Ty Kendall  Identity Verified
United Kingdom
Local time: 20:14
Hebrew to English
A balanced view May 2, 2012

I suppose there are concerns amongst some immigrant parents, who'd rather their children assimilate into the host culture and who are willing to sacrifice passing on their language to achieve that aim. I wouldn't criticise them for that, they are their children to raise as they wish. If a child of a bilingual family truly craves the language, they can still learn it (with the advantage of having the language at least partly hardwired into their minds).

To be fair, you do hear some stories of children having a language "forced" upon them by their parents...who usually grow up totally eschewing the language in response.

I thought the English/German guy was interesting....who noted that his German/English bilingual friend wasn't truly "perfect" in both languages and that his English was just "a bit off". I have found this to be the case even with so-called "true" bilinguals - they almost always tend to have a dominant language - whether they admit it or not. It was interesting that the English/German had no regrets growing up monolingual and was happy to have learned German as an adult.


[Edited at 2012-05-02 12:30 GMT]


 

Daina Jauntirans  Identity Verified
Local time: 14:14
German to English
+ ...
I have not found that to be true. May 2, 2012

Ty Kendall wrote:

a child of a bilingual family truly craves the language, they can still learn it (with the advantage of having the language at least partly hardwired into their minds).


Depends. If you speak a language of limited diffusion - in my case Latvian - your kids will have a pretty difficult time learning it later. The opportunities to learn Latvian here in the United States (or anywhere outside Latvia) are very limited. That is why I am teaching my kids as much as I can now while they are younger. I have a few friends who learned as teens but they are very much the exception, and it was a hard slog.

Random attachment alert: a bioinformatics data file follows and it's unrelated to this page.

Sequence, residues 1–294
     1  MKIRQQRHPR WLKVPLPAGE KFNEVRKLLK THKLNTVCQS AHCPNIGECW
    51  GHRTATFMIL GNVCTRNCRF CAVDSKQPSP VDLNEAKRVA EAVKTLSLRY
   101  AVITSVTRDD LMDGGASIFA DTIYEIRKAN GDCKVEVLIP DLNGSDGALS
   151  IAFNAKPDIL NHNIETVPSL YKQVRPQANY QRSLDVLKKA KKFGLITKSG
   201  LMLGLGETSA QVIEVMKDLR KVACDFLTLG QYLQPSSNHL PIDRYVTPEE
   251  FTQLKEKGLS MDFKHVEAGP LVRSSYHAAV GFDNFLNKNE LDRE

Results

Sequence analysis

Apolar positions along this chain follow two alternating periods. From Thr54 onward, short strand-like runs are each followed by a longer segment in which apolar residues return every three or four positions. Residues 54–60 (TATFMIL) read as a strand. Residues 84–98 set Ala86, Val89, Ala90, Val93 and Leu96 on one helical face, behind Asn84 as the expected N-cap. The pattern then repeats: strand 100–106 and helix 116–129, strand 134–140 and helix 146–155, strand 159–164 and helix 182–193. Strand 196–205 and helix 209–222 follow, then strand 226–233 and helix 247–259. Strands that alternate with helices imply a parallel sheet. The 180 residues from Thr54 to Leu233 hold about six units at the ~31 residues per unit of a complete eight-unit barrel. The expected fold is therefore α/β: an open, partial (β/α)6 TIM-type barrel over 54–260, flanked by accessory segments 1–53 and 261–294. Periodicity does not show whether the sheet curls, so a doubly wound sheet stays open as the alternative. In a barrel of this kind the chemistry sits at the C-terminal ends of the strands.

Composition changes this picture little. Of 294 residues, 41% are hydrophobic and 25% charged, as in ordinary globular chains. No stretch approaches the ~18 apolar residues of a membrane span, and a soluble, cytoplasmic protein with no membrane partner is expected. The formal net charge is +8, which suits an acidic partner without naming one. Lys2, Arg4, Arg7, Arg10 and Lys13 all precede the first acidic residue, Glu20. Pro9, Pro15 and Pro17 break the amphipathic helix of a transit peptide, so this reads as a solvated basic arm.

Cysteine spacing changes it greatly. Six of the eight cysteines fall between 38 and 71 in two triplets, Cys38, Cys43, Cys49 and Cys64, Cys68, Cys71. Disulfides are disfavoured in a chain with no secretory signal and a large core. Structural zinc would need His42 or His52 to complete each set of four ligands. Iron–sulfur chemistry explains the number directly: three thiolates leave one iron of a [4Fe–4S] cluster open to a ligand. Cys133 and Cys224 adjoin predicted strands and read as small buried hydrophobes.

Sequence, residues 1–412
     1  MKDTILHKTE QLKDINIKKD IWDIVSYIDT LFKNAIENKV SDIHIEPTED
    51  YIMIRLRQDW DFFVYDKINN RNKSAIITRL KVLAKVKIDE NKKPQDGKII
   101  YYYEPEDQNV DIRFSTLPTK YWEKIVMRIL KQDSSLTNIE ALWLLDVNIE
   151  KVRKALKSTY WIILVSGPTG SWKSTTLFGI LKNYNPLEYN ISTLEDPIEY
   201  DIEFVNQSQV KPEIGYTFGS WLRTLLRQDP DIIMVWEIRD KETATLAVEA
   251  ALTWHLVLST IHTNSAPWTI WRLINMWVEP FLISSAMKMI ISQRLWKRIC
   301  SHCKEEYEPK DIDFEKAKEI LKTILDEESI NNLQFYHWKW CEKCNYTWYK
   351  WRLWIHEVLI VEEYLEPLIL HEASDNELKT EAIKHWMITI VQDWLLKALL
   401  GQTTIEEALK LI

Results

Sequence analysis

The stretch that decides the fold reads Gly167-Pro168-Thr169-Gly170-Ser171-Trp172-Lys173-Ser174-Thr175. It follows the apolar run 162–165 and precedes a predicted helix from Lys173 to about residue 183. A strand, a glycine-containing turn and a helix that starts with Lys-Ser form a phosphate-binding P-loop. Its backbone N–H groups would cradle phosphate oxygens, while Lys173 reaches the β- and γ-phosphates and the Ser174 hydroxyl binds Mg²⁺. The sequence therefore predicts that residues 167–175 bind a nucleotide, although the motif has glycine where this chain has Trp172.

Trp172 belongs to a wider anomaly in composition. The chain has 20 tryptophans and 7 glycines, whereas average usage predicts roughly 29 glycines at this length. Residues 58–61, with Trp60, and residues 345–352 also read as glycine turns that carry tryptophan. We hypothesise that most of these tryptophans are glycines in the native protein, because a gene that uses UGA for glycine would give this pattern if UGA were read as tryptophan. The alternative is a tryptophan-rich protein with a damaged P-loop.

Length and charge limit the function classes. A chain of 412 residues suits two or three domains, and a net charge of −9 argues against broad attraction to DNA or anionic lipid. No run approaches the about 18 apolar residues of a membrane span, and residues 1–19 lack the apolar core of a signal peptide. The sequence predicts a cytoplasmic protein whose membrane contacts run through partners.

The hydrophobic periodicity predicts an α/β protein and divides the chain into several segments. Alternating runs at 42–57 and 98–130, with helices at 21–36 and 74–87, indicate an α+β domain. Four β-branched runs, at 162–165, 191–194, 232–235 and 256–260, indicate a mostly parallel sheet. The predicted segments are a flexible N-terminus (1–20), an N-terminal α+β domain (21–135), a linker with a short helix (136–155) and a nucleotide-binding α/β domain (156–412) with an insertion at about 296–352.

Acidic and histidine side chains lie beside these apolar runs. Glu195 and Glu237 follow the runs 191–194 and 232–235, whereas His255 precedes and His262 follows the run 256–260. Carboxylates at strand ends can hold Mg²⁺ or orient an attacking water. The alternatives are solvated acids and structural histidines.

To be fair, you do hear some stories of children having a language "forced" upon them by their parents...who usually grow up totally eschewing the language in response.


I grew up bilingual in the United States, and never once in my 40 years has anyone said to me that they regretted being taught their heritage language, but very frequently people complain to me that they were not taught.


 

Romane237
Local time: 20:14
English to French
Being bilingual is a chance if the child deems his parents' language worthy May 2, 2012

I agree that bilingual individuals are rarely perfect in both languages.
I myself sometimes search for French words when I speak with my French relatives because on a daily basis I am immersed in English language. At the same time, I know many monolingual individuals whose grasp of French is poor compared to mine.

Learning languages should not have a competitive aspect. There has to be a different purpose : transmitting one's identity, advancing one's career, communicating with specific people, etc.